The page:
**This is a guest post from Nick Diliberto from PreteenMinistry.net
1. Customize curriculum
Give up the idea of a cookie cutter approach to preteen curriculum. Preteens respond best when lessons are customized. Use examples of real life situations where you struggled or had a success with the given topic. Take into consideration your specific community, church and preteens when editing lessons. Yes, curriculum is good. But it is most effective when leaders make it their own.
2. Add the fun factor
Preteens love to have fun. So, why not have fun in church? If you bore them, you’ll lose them. But when church is a fun place, they’ll wake up with excitement on Sunday mornings eagerly anticipating what’s in store for them
3. Use active learning
Gone are the days when preteens sit in a chair and just listen to a children’s sermon. Inject active learning elements that get preteens moving around (they have a lot of energy) and experiencing the lesson using all five senses.
4. Ask lots of questions
Preteens learn a lot by discussing questions about life, God, Jesus and the Bible. Help them use critical thinking by asking open-ended questions. Allow them to process the day’s topic by asking their own questions. Train small group leaders to facilitate discussion. Encourage students to give their thoughts on a question of a peer. Create a culture of asking questions.
5. Be relevant to their world
Gone are the days of flannel graphs and puppets when reaching preteens. Instead, communicate the timeless message of the Bible using methods that are relevant to their world. Use media, narrative, popular video game illustrations and anything else that comes to mind. Know the world preteens live in and meet them there. Speak their language.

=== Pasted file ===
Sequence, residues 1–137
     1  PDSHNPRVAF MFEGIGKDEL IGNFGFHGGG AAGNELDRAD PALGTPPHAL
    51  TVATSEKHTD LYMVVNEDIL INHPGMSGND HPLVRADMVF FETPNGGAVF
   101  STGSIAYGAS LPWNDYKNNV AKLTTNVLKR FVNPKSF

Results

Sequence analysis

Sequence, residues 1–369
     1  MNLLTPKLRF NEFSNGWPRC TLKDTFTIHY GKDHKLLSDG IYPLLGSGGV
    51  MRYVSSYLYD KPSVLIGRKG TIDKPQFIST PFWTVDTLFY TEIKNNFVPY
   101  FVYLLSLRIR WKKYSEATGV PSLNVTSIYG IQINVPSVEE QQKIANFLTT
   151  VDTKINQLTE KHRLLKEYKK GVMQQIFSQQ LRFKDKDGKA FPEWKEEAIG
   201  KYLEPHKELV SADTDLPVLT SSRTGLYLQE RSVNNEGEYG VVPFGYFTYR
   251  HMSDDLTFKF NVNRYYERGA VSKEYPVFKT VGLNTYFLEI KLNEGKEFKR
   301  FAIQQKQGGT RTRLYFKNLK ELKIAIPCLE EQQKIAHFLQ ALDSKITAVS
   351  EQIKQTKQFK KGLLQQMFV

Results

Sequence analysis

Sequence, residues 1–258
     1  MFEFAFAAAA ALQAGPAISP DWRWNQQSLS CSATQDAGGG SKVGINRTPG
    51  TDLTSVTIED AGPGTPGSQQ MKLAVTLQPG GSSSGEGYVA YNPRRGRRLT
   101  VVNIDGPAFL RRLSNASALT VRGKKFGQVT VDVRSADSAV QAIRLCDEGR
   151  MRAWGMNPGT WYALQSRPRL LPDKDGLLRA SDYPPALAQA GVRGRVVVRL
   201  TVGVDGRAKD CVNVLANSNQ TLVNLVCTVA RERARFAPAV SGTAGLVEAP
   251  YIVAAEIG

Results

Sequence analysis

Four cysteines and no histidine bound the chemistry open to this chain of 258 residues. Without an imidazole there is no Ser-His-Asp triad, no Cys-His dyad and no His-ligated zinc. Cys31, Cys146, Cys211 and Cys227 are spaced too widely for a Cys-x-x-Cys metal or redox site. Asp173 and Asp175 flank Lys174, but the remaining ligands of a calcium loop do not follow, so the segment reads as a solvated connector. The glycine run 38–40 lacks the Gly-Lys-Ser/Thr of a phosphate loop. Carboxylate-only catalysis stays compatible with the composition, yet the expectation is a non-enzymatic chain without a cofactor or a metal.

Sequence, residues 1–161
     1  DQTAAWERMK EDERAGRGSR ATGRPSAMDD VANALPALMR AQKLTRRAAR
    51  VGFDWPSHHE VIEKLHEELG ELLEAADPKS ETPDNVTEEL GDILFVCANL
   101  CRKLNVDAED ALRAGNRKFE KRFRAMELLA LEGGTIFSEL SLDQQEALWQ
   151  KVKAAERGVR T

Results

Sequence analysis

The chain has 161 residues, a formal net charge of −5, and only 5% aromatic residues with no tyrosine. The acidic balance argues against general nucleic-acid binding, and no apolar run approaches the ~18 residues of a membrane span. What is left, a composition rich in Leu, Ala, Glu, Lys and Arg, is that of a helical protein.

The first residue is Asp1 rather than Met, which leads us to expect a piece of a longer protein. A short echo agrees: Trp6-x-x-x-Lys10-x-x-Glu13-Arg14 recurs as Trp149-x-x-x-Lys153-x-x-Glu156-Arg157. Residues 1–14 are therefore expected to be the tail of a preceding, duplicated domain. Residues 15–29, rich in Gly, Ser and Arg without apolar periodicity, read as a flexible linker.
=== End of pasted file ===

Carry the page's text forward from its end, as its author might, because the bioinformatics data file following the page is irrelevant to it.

6. Infuse media
Media is a powerful tool. Use video clips from current movies (stick to PG), YouTube videos, TV show clips, music videos and anything else you can think of to help drive home the point. Stay up to date on all the current media your preteens are engaged with and use it to your advantage. Media has the power to instantly grab the attention of preteens.
7. Be prepared
You might be able to get away with being unprepared when teaching younger age groups, but not preteens. They’ll sense you’re not on your game and eat your lunch. Avoid reading from a script as well (it’s a turn off). Use notes as a guideline and always be prepared for the unexpected.
8. Mix It Up
As often as possible, mix up the order & method of your weekend service. If you normally do a game at the beginning of a lesson, do a game at the end every so often. Routine is good, but too much predictability and preteens will disengage.
9. Be creative
Spice it up and try something new every once in awhile. If you’ve never done a drama, try it. If you’ve always wanted to decorate your room and have it relate to the theme your teaching, go for it. As always, recruit a team to help.
10. Keep it simple
Simplicity focuses a lesson. No need for 3-4 main points. Instead focus on one main point and use a few creative elements to reinforce it. You’re not teaching systematic theology, so break down big Biblical ideas into bit size chunks.
Nick Diliberto is creator of PreteenMinistry.net, which provides creative curriculum and resources for preteen ministry. He is also the preteen columnist for Children’s Ministry Magazine and Children’s Pastor at Seven San Diego Church.